Cryogenic cooling systems that fall under the second category make use of an evaporator in which flows cryogen fluid prior to being dumped in the atmosphere. The cryogen gas undergoes a change in phase from liquid to gas in the evaporator, thus absorbing a large amount of heat in order to produce the desired cooling effect. The rate of temperature absorption is usually controlled by regulating the pressure in the evaporator. At lower pressure, the cryogen liquid evaporates at a rapid rate thus absorbing significant amounts of thermal energy. In contrast, an increase of pressure reduces the rate of cryogen evaporation for, in turn, diminishing the heat uptake by the system.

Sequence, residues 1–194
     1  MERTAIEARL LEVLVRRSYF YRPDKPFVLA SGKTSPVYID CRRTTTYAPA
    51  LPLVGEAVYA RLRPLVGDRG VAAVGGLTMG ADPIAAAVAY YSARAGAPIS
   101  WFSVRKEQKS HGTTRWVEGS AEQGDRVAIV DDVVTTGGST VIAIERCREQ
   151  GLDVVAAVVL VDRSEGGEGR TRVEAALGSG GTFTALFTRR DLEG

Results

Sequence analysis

The thermodynamic activity taking place within the evaporator is not a continuous process because only a finite amount of liquid cryogen can be stored in the evaporator. When the cryogenic liquid is depleted, a refilling cycle must be carried out. This is accomplished by establishing a liquid path between the evaporator and a reserve vessel. Liquid cryogen is maintained in the reserve vessel under pressure (in the order of 300 pounds per square inch (psi)) and as a consequence, a natural transfer of fluid toward the empty evaporator occurs only if the pressure inside the evaporator is brought at a pressure lower than the pressure of the reserve vessel. Once the evaporator is filled with cryogenic liquid, the liquid communication with the reserve tank is terminated and the evaporator resumes its normal operation. During the evaporator refilling cycle, the heat absorption process required to maintain a constant temperature in the cargo area is severely affected because the operator has no control of the cryogen evaporation process which translates into undesirable temperature variations. When the heat absorption requirements are high, cryogen is consumed at an accelerated rate which shortens the time interval between refilling cycles. The resulting temperature disturbances may become significant enough to spoil sensitive products.